Those who truly lead are able to create a following of people not because they were swayed, but because they were inspired. – Start With Why p. 6
If you enjoy TED talks, you’ll enjoy Start With Why. Simon Sinek’s explanation of “How Great Leaders Inspire Action” through the “The Golden Circle” and “The WHY” is the third most watched clip in TED’s history with 26.7 million views.
For a group of over 26 million people to spend 18 minutes doing the same thing is remarkable. In comparison, the new Game of Thrones premiere on HBO brought 10.7 million viewers together and broke the HBO record.
Sinek brings out many of the same points in his book and is able to expand and apply the concepts that he touches on in this video. A phrase you’ll hear repeated throughout is that “People don’t buy what you do, they buy why you do it.”
In this week’s video, I start off with the now-famous newspaper ad Ernest Shackleton put in an early 1900s London newspaper:
Men Wanted for hazardous journey. Small wages, bitter cold, long months of complete darkness, constant danger. Safe return doubtful. Honour and recognition in case of success.
Sinek argues that an ad like that brought together individuals who were united by their burning desire to overcome, to face long odds, to survive. When Shackleton assembled a team of overcomers like this, they set off to traverse Antarctica.
But the expedition was ill-fated, the Endurance, was crushed in the ice before they ever reached the southern continent. Yet the men were undaunted. Shackleton led his intrepid band across the frozen sea 828 miles to Elephant Island. During this ordeal not a single explorer perished.
Sinek says that individuals who are able to tap into this well of inner strength and fortitude of individuals have accessed their “WHY.”
In fact, we are designed with our limbic brain and through our subconscious minds to attach to certain values and actions in a way that generally cannot be accurately described in words. Usually we can find a logical reason for the way we act, but in general we act on our “gut” feeling. (p.53-64)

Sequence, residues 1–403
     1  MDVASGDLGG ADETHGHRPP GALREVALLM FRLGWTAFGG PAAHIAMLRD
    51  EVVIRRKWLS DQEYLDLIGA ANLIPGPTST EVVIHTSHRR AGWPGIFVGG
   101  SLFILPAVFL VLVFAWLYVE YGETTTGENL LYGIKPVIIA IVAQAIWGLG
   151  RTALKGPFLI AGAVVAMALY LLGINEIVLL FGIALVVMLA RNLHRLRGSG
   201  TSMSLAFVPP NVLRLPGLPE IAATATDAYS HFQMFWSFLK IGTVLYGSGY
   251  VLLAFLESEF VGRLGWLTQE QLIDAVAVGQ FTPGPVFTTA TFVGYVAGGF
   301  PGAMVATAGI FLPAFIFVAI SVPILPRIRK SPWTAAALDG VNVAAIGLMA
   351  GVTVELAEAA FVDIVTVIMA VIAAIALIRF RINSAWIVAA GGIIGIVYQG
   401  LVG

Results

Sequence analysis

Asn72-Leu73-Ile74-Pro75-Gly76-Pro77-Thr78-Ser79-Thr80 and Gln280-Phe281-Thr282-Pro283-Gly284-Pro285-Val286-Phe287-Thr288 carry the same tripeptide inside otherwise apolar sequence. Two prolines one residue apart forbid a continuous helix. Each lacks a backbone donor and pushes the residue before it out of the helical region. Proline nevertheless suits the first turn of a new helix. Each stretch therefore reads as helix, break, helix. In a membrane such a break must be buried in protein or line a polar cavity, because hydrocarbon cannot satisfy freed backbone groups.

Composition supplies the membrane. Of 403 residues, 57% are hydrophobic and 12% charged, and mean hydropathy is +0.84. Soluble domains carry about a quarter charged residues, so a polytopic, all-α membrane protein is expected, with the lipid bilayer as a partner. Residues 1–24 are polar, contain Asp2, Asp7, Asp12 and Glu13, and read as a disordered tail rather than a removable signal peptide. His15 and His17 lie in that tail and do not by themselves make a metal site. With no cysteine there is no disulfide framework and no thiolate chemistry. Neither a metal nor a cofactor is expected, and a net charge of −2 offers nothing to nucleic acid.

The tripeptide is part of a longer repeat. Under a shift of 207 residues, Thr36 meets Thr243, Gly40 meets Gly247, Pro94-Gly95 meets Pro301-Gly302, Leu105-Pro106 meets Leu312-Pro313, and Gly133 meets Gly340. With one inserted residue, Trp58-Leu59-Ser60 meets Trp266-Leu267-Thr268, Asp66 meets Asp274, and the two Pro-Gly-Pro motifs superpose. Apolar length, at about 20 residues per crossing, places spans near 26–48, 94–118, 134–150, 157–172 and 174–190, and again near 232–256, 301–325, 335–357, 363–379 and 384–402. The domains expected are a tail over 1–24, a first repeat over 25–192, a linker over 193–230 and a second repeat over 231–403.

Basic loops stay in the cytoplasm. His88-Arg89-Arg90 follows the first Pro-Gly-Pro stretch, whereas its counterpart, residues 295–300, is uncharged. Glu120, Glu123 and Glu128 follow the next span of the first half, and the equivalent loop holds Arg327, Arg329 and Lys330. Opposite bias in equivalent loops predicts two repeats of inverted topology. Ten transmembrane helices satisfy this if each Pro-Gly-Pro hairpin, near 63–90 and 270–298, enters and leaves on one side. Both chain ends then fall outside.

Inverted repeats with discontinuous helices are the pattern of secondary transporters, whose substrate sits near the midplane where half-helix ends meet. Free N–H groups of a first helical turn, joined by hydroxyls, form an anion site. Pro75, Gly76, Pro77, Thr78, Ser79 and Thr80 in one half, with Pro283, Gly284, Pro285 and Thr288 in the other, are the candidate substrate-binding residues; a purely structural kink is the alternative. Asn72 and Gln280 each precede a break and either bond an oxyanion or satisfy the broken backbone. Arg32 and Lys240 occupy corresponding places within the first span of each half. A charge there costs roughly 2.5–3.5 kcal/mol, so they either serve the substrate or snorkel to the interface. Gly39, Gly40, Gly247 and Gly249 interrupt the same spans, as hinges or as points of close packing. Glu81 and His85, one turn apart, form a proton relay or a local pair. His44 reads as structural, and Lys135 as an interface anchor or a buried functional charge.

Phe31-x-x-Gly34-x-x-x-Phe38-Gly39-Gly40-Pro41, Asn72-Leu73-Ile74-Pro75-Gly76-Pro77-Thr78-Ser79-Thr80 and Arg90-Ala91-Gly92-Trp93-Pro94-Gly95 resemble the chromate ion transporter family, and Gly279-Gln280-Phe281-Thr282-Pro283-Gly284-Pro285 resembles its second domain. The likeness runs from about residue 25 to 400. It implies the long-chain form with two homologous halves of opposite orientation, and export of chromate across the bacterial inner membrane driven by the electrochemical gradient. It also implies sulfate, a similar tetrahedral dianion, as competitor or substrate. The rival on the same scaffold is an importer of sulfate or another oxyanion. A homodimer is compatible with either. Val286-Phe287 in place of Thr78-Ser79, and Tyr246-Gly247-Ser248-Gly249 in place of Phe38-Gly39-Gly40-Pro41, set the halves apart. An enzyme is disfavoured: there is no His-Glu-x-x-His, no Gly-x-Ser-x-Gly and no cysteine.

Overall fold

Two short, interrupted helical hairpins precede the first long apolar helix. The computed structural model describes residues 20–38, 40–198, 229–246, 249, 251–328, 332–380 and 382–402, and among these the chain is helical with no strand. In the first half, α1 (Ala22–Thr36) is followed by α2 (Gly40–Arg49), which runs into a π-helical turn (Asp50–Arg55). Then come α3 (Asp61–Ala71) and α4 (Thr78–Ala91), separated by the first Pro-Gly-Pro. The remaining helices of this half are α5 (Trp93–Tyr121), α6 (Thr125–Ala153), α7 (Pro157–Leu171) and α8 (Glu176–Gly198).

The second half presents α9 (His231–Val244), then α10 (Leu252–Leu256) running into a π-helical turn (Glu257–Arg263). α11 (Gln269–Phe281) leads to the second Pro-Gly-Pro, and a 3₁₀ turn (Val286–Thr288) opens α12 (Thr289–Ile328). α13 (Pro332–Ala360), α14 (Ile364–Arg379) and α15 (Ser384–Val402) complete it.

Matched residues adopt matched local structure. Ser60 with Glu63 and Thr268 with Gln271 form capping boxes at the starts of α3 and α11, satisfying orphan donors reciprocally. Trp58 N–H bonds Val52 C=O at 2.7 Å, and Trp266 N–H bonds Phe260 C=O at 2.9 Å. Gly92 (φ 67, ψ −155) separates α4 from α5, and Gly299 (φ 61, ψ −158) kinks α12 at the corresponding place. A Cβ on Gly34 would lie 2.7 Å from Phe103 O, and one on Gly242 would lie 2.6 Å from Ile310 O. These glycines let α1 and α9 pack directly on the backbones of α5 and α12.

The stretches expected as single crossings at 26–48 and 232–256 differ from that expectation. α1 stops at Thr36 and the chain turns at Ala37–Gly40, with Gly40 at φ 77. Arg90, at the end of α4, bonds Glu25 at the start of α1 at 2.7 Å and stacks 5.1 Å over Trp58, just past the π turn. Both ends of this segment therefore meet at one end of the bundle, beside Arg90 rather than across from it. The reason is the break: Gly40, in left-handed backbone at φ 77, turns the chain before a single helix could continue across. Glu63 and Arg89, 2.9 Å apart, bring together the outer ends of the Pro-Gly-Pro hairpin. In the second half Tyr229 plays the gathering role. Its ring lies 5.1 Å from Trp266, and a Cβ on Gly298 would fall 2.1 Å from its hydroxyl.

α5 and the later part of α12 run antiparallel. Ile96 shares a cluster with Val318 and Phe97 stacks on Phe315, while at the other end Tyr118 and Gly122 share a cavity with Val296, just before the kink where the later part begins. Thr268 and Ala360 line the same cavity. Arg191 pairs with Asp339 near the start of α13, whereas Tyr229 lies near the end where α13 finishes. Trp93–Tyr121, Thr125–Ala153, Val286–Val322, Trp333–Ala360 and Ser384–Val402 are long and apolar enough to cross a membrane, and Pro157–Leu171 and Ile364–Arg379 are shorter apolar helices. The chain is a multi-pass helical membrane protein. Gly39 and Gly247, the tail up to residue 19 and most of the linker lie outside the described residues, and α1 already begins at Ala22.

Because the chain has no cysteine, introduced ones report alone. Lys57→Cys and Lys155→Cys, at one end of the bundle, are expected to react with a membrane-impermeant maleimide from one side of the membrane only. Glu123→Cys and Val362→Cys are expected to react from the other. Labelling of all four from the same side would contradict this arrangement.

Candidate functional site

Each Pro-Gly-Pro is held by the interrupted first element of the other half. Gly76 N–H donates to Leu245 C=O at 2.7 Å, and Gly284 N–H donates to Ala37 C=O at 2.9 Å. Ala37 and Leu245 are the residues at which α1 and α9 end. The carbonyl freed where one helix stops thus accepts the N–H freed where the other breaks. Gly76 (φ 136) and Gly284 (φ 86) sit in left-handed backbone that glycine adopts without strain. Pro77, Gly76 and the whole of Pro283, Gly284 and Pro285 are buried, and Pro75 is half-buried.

This gets us closer to the central premise that “People don’t buy what you do, they buy why you do it.”
The “WHY” of an organization or movement, according to Sinek, is usually embodied by an individual. Someone like Steve Jobs, who made everything he did about challenging the status quo, inspired a company that disrupted several industries.
People, when asked why they bought Apple products, could come up with any number of seemingly logical explanations but in many cases it was because they resonated with the “WHY” of challenging the status quo. It was a certain type of person who sat outside the Apple store for the next model iPhone.
They could have gotten a similar phone with nearly identical specifications from a different brand or just waited a week and got an iPhone later, but they were busy buying the “WHY” of Apple. The “What” had to trail behind.
This doesn’t mean that companies or individuals can tap into a “WHY” and then run rampant. Several weeks back we took a look at Sam Walton. He embodied customer service in his retailing, and every action that Walmart took while he was alive was to serve people. This built their business into one of the largest companies in the world, but after Walton passed away, the corporation lost the “WHY.”
Today, if you go to Walmart, you’ll find a very different store than the ones described in Made in America.
You and I have the opportunity to tap into this well of motivation as well. We are well supplied throughout history with individuals who found their “WHY.”
Martin Luther King Jr. and Mahatma Ghandi identified their why and inspired a movement that went far beyond their personal influence.
Sinek encourages you and I to inspire rather than manipulate, and I agree with him.
Start with your Why.
Just don’t get shipwrecked in Antarctica.
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